There is a common notion that in the television and broadcasting industry, high rating means profit, meaning, networks have to please the market in order to establish their credibility as a brand, hoping that eventually companies will choose to advertise through them. But how exactly do they please the market? There is one concrete answer to that: give them what they want. However, as people, we are subjected to whims and difference in our preference, so it’s really hard for the networks to know what exactly sells and what doesn’t.  Eventually, these networks have developed a system, varying minimally but are still essentially the same.  It can be easily describe as, “If it works, then let’s do it again.”

Aside from market research, which is not exactly a simple task or a probable sustainable strategy, there are only a few ways of determining what exactly the market wants. So, networks stick to what they know is effective. One strategy is when they bank, even sometimes solely relying, on specific personalities to carry the ratings of program for them, the network grows dependent on the celebrity rather than the quality of the show. As some people say it, it’s all about packaging. However, sometimes this strategy bites back; networks would have to pay for some costs when their talents go against them, even if it means putting it in legal hands.

 Last July 15, a GMA actress filed a case against an executive of GMA-7 for alleged perjury, saying that the libel case against her was fallacious. In short, GMA’s strategy of honing, packaging and showcasing talents backfired. They are now facing a legal case from an internal conflict that should have been resolved even before it came public. This is not the first time that this type of disagreement came to surface newspapers and even to courts. We can recall how the 486 Million peso case of Willie Revillame against ABS-CBN for breach of contract, was such a big issue. Eventually, Revillame won but he had to find another network where he can make use of his popularity for profit. This case definitely took a toll on ABS-CBN and their financial statements.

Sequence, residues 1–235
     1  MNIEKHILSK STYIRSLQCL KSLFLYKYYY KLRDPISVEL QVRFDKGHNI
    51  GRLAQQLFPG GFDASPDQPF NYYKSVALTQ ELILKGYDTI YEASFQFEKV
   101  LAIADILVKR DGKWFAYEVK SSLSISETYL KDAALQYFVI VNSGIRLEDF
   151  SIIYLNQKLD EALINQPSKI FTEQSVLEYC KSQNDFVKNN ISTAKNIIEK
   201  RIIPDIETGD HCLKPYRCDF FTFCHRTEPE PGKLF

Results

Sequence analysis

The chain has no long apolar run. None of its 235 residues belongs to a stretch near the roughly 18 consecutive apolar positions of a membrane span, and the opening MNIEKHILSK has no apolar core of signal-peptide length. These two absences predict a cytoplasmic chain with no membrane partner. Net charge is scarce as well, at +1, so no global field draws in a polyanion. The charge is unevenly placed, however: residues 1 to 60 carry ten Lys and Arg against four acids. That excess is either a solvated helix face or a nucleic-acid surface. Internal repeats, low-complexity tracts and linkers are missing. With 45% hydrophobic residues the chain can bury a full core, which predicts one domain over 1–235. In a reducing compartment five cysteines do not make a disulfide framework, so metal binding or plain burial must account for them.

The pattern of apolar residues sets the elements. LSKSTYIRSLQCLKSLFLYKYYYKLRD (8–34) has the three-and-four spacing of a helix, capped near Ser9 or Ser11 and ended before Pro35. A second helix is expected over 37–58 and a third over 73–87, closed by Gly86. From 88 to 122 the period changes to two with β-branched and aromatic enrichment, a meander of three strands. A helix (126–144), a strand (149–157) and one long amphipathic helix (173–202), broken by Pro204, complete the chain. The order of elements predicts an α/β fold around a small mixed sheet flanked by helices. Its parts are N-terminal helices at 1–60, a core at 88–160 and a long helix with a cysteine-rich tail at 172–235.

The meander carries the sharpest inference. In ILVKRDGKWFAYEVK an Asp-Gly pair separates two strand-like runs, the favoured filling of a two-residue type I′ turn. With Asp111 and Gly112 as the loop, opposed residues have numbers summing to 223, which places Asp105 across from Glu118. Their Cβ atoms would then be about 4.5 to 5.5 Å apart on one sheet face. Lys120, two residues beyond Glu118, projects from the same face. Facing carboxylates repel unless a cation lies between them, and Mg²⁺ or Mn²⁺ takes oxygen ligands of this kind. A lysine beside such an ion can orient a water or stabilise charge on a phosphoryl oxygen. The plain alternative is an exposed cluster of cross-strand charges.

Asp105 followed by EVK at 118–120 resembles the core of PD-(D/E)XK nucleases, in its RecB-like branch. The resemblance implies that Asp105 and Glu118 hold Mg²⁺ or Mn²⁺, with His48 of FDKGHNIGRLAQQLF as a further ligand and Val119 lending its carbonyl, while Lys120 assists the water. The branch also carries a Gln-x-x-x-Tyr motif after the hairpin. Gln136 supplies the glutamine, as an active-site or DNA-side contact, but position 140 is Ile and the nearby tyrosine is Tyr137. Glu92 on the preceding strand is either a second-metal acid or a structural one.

Networks invest a lot in their talents, showed in how they are able to package it in such a way that the public will build a fan base. They have even built their own talent centers to easily facilitate workshops and trainings for artists; some networks even create shows specifically for their talents. However, as recent issues have surfaced, there is no assurance to the effectiveness of this. When a network relies too much on one strategy in increasing their ratings, sometimes, it poses problems to them. As how some people put it, they create their own enemies. So how can they avoid these internal antagonists? In the level of the artist-network relations, professionalism should still be observed, despite the nature of the industry; contracts, boundaries, due process and hierarchy should be respected when making transactions. Networks could also try to delineate from their original approach and develop quality shows as their main strategy to improve ratings.

The television industry is a ratings game; networks see celebrities as their main strategy in winning this competition. However, what drives ratings is public entertainment. Whichever that may mean to networks is of no concern to the public, as long as good quality entertainment is what they receive. Maybe networks should evaluate their approaches on how to provide this and they might be able to reduce legal costs and eliminate any possibilities of creating their own enemies.

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Delos Santos, Reynaldo
Mertalla, Nathalie Joy

Moraña, Sarmielyn
Zornosa, Maria Nauriz Rizel

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